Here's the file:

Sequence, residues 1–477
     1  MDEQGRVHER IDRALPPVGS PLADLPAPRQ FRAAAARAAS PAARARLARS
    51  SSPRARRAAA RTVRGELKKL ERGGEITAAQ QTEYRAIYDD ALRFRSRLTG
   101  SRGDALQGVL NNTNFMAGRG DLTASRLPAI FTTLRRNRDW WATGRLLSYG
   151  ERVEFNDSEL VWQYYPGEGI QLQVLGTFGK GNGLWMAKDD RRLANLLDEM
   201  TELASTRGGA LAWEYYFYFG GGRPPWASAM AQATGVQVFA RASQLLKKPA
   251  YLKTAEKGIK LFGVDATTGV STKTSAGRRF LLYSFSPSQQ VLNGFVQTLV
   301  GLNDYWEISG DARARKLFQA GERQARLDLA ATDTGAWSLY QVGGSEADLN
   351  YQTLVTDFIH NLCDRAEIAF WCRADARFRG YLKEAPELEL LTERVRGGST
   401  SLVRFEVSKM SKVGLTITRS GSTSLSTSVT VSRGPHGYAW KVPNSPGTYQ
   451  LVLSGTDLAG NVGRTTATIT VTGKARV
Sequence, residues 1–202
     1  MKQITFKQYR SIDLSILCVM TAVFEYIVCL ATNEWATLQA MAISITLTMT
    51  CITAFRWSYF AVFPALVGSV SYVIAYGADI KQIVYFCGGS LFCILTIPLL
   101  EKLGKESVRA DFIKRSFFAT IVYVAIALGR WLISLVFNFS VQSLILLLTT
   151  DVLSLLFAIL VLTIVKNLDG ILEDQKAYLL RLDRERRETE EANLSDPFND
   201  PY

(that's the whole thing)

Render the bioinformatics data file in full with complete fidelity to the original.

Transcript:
Sequence, residues 1–477
     1  MDEQGRVHER IDRALPPVGS PLADLPAPRQ FRAAAARAAS PAARARLARS
    51  SSPRARRAAA RTVRGELKKL ERGGEITAAQ QTEYRAIYDD ALRFRSRLTG
   101  SRGDALQGVL NNTNFMAGRG DLTASRLPAI FTTLRRNRDW WATGRLLSYG
   151  ERVEFNDSEL VWQYYPGEGI QLQVLGTFGK GNGLWMAKDD RRLANLLDEM
   201  TELASTRGGA LAWEYYFYFG GGRPPWASAM AQATGVQVFA RASQLLKKPA
   251  YLKTAEKGIK LFGVDATTGV STKTSAGRRF LLYSFSPSQQ VLNGFVQTLV
   301  GLNDYWEISG DARARKLFQA GERQARLDLA ATDTGAWSLY QVGGSEADLN
   351  YQTLVTDFIH NLCDRAEIAF WCRADARFRG YLKEAPELEL LTERVRGGST
   401  SLVRFEVSKM SKVGLTITRS GSTSLSTSVT VSRGPHGYAW KVPNSPGTYQ
   451  LVLSGTDLAG NVGRTTATIT VTGKARV
Sequence, residues 1–202
     1  MKQITFKQYR SIDLSILCVM TAVFEYIVCL ATNEWATLQA MAISITLTMT
    51  CITAFRWSYF AVFPALVGSV SYVIAYGADI KQIVYFCGGS LFCILTIPLL
   101  EKLGKESVRA DFIKRSFFAT IVYVAIALGR WLISLVFNFS VQSLILLLTT
   151  DVLSLLFAIL VLTIVKNLDG ILEDQKAYLL RLDRERRETE EANLSDPFND
   201  PY